Master of Disguise

The Young Idealist

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God bless their pure hearts, these are the men and women who join the CIA right out of college, filled with the accumulated knowledge of four years of liberal arts and humanities schooling, ready to do good, and sure that the seedier tales of CIA exploits cannot possibly be true.  They are there to smite America’s enemies — in a principled way, mind you — while calling their own Agency to account when it oversteps its bounds.

This type often began his or her career as an intern, or “gray badger” at the Agency, and then parlayed that position into a career one.  He or she worked on the headquarters desk for a certain geographic account for years before heading to the field.  For that reason, this type might know a lot about Moammar Qaddafi’s sexual predilections, but he could not describe the smell that will greet him when he steps off the plane in Tripoli for the first time.

So much to learn at The Farm

Have no fear, though, this type will very likely survive his or her period of “seasoning” at the CIA, and come out of it with a clearer sense of how the world really works, and the difference between life at headquarters and in the field.  If they are lucky, this type might actually graduate to become…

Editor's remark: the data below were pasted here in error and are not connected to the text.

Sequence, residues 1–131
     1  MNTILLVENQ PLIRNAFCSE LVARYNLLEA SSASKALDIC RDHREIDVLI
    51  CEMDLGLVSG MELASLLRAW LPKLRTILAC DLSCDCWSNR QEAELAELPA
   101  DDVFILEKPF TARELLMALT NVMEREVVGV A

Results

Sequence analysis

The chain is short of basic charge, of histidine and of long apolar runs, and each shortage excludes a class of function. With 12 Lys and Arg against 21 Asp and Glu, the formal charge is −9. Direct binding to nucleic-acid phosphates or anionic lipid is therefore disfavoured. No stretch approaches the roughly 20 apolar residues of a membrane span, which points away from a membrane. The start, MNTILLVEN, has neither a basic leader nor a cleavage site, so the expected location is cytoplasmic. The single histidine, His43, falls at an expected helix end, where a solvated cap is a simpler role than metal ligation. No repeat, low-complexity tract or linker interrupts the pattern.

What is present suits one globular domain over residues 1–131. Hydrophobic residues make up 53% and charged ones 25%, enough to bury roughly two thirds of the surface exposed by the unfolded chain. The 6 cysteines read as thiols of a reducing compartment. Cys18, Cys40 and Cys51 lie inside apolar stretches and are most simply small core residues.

The Old Hand

Typified by Gus Avrakotos, as represented in the movie “Charlie Wilson’s War,” the old hand is the backbone of the CIA.  He or she is the senior enlisted man of the Agency.  He is the grizzled master sergeant, or the 20-year Navy Chief, of the intelligence world.

Speaking truth to power

The “I-couldn’t-give-a-shit” attitude that wafts off the old hand is matched only by the stench of stale cigarette smoke and the odor that drifts out of his tumbler full of bourbon and regret at afternoon vespers on the 5th floor of CIA headquarters.

You better believe he also drinks that bourbon straight up, because his black, hardened soul will melt the ice and water down to the only medicine that can help him forget the mistakes he’s made, the family he’s let down, and the secrets he’s accumulated over decades at the CIA.

God bless that guy.  The CIA lives and dies by him and his type.